Can the New Democrats win the next Alberta provincial election?
OK, crazy thought. I was only kidding… I think.
But let's consider another crazy question that, nevertheless, is not quite so crazy: Can the Alberta New Democrats form the Opposition in the next provincial election, and maybe a government an election or two after that.
Impossible, you say? Maybe not if New Democrats can crawl out of the irrelevant protest-party box they've been sleeping in these past few years. No more impossible, at any rate, than New Democrats forming the government of Nova Scotia, or winning the hearts of well over 40 per cent of federal voters in Quebec.
Why shouldn't Alberta New Democrats climb atop this Orange Wave and surf, if not to victory, then to somewhere better than where they are just now? And where the Alberta NDP is right now, you will recall, is chronic marginalization outside a very small number of Edmonton ridings.
Earlier this week, we looked at the summary of June poll results tracked by Éric Grenier at his Threehundredeight website. While there are not a lot of polls to draw from at this time, the results suggest that the Orange Surge phenomenon seen before and during the federal election in May persists, and moreover that federal New Democrat support in Alberta is at a level better than one in five voters.
Indeed, quite a bit better if you break out the June 23 and 24 on-line survey by Abacus Data, which indicated fully 25 per cent of decided Alberta voters support the federal NDP! (And, by the way, this is the lowest level of support in Canada's regions found by the Abacus Data poll -- which puts federal NDP support elsewhere in the West consistently at 33 per cent.)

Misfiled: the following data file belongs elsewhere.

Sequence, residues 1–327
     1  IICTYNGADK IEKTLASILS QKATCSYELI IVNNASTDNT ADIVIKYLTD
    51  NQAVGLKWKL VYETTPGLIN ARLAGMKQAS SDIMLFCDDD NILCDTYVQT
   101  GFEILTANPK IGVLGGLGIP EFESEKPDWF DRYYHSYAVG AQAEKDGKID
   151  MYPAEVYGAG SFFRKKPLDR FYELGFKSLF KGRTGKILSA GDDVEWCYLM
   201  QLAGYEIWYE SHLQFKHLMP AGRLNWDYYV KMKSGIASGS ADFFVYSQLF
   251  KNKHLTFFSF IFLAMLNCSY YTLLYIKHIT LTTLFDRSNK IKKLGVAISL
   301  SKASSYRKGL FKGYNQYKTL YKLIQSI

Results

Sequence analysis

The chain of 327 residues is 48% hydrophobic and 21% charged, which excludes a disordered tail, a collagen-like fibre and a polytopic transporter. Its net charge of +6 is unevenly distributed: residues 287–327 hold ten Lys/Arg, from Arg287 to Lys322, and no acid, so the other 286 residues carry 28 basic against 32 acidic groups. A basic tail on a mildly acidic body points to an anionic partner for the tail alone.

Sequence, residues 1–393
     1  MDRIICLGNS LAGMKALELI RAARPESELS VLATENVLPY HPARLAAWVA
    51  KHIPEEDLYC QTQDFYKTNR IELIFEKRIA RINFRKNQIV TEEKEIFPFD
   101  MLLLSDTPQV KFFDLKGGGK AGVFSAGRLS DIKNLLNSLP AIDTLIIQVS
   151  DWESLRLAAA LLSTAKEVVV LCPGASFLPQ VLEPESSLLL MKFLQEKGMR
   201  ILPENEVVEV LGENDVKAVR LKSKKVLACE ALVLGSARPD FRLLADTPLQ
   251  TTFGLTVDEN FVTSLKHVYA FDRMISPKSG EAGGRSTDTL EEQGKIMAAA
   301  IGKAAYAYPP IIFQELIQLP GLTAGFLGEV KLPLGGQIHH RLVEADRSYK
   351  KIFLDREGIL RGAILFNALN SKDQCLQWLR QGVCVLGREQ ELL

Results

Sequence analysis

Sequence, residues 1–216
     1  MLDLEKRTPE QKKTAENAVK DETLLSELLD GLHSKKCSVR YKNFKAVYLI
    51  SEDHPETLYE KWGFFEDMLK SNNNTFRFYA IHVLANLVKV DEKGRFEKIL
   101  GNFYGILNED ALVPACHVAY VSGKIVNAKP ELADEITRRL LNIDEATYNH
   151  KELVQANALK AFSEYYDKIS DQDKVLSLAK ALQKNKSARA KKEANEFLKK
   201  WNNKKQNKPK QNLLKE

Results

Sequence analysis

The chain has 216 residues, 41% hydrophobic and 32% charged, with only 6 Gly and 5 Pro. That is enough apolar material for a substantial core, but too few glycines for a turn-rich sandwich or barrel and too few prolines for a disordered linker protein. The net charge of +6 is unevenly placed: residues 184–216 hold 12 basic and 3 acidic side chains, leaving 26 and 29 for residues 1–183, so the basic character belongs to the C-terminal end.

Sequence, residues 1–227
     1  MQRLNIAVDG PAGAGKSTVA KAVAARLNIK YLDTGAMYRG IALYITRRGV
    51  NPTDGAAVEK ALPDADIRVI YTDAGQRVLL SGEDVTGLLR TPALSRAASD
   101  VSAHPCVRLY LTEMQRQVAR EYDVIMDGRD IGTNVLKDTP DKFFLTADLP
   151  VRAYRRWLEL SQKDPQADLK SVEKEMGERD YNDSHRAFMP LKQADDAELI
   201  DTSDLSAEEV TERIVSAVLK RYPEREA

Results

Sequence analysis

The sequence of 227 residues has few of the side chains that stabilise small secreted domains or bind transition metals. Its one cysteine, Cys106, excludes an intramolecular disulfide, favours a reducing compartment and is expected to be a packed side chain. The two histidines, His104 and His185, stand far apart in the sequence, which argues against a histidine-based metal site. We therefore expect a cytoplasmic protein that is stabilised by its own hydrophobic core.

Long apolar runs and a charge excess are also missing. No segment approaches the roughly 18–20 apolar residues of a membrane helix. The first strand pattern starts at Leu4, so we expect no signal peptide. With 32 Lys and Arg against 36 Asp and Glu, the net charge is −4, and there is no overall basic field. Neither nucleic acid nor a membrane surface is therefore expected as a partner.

Surely as the provincial party most like its federal counterpart in ideology and practice, Alberta New Democrats can capitalize (as it were) on this startling phenomenon. And let's face it, in the advertising kaleidoscope in which we live, just having the same name and colours as the federal NDP offers profile and name recognition like no other party but the Tories.
Despite its small numbers, the Alberta NDP has long been the real opposition in the Alberta Legislature, or leastways, often the only effective opposition coming from the true perspective of most Albertans.
Moreover, polling from a variety of groups and sources show that while Albertans are tired of the Conservatives, and would like change, it's not necessarily the sort of change offered by the far-right Wildrose Alliance, which with the help of its many open partisans in the media has successfully portrayed itself as the only government in waiting among the opposition parties.
Consider the recent Environics Research Group poll done for the Alberta Teachers Association that showed 71 per cent of Albertans believe the government is under-funding education. Or the private poll done by Innovative Research Group last year for the Alberta Progressive Conservative Party that showed 65 per cent of respondents believed the government should base its spending decisions on the need for social programs and services, not their affordability. Another 60 per cent said in the same poll the province should increase funding for such social programs as education and health care even if it meant running a deficit.